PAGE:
Syngenta – Biochemists of the world’s future food
As populations rise, and farmland diminishes, Syngenta is applying science to every aspect of food production, finding better ways to feed the changing world and also improve health.
GE – Becoming market makers with "brilliant machines"
GE is leading an industrial revolution in applying the “internet of things” to business processes and equipment. The challenge however is to make sense of the new possibilities in ways that capture the imagination of businesses and consumers.
ARM – Designing the architecture of the digital world
ARM designs the chips inside most of the world’s smartphones, and increasingly other devices, creating an ecosystem of research and innovation with its partners, and most of the world’s device brands as licensee customers.
Zipcar – Why own a car when you can hire a cooler one?
Collaborative consumption drives the better use of assets, and often a better deal for customers. Better products at a fraction of the price. The subscription model builds community and loyalty.
Airbnb – Now you can belong anywhere
Airbnb is a great example of collaborative consumption, making more of under-utilised assets, whilst also enjoying the social experience of sharing. All built around a sustaining community.
Spotify – The freemium business model for music
Spotify grew out of deviant behaviour – imitating the actions of illegal downloaders to find a legal business model which combines free access with the ability to also make money as a business, and for artists and publishers. The brand is contagious, driven by consumer collaboration, and staying topical.
Netflix – Changing what and when we watch
Netflix grew out of consumer frustration with the stupid rules of an old model. This provoked one guy into creating a better solution, which has continued to evolve in format and business model as new technologies emerge, and competitors catch up. The next horizon of data-driven content creation is perhaps most intriguing.
Narayana Health – Low-cost hospitals with a heart
Narayana operates a dual business model, one funding the other. Whilst knowledge and equipment are not compromised, the growth in medical tourism subsidises low-cost heart surgery for the poor.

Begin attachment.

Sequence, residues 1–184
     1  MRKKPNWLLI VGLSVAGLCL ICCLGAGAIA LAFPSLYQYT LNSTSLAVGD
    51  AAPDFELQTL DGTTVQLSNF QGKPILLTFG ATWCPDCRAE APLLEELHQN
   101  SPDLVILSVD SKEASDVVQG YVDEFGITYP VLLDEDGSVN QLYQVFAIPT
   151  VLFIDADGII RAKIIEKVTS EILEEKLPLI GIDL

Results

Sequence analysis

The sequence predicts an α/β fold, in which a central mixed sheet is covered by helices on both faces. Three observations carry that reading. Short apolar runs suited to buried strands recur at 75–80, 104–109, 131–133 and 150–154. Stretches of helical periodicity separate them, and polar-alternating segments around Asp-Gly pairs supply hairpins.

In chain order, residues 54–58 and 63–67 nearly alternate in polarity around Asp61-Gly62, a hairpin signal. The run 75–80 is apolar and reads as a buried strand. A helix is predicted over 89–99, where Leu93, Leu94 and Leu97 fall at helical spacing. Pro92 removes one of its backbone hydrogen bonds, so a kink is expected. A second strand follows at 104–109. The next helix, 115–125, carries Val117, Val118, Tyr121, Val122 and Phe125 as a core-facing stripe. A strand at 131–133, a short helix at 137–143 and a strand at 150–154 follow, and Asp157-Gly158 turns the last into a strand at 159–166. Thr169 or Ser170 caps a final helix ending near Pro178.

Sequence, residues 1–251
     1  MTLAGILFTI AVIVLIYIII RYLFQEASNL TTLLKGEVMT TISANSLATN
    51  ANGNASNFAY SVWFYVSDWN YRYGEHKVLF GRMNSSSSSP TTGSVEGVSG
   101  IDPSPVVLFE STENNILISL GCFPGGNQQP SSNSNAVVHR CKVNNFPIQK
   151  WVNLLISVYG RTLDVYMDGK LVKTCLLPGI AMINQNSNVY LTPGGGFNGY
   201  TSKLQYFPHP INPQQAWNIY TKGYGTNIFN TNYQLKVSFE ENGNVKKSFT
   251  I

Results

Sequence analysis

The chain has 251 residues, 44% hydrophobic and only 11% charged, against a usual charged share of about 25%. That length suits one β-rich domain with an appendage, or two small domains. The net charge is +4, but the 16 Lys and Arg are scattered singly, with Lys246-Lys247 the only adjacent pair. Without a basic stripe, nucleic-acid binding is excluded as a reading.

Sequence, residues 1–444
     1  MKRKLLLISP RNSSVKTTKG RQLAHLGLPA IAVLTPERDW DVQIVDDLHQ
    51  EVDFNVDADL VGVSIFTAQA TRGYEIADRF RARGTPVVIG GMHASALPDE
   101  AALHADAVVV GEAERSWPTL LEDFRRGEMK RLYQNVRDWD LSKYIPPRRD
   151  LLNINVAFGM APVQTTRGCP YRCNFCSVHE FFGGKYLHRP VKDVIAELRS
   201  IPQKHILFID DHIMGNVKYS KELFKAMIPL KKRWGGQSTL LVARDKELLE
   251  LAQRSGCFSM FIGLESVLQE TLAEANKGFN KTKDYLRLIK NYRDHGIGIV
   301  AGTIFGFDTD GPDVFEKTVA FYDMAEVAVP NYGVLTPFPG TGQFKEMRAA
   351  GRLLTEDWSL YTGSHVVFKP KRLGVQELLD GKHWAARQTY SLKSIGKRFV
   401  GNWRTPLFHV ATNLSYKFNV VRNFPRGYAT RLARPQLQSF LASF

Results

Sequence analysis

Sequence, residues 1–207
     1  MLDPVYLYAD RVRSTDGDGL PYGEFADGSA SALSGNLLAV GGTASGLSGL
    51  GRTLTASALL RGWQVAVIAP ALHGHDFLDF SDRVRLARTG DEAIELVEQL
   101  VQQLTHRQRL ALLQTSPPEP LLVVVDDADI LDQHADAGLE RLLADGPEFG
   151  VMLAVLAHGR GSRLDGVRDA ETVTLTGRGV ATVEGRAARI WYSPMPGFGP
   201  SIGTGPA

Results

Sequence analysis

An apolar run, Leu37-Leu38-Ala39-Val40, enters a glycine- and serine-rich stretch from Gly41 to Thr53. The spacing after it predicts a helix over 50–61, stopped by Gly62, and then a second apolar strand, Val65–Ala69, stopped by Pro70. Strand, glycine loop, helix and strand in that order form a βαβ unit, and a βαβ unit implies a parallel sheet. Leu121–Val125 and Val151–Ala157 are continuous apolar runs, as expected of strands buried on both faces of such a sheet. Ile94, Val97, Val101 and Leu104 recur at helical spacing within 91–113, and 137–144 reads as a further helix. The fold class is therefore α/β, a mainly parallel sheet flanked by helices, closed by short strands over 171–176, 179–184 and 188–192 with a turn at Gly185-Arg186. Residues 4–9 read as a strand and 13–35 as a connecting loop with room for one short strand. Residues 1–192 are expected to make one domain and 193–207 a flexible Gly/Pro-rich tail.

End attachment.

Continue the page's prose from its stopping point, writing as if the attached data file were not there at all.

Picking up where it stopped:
Zidisha – Peer to peer microfinance in developing markets
Zidisha is a non-profit organisation that matches African entrepreneurs with peer to peer loans from around the world, keeping interest rates low by cutting out intermediaries and using simple technology.
Square – Making payments easy, anywhere anytime
Square’s insight came from the millions of small businesses who lose sales because they cannot accept credit cards. Empowering first the retailer, and the consumer, Square had to fight to change the rules of the market.
Moven – Bank 3.0 that promises to be different
Moven is a digital financial manager designed around the mobile consumer, making banking and life easier, and through a range of easy and fun analytics, embracing games and social media, and even makes you a rockstar!
Amazon – A mission to become the world's most customer-centric business
Amazon, from Dash to drones, Alexa and Echo, uses technology to disrupt and redefine a range of adjacent industry, and then do it again, whilst adding new business models that create a convenient and personalised customer experience.
Alibaba – Connecting the world's businesses
Alibaba is a trading platform for the new world order, enabling a small business in remote China to deal directly with a large corporate, for any entrepreneur to access a global marketplace.
Raspberry Pi – Build your own computer gadgets for $25
Eben Upton wants to inspire kids about the potential of computing. With an incredibly simple $25 computer, a cool brand a social movement, he is inspiring the next generation of entrepreneurs.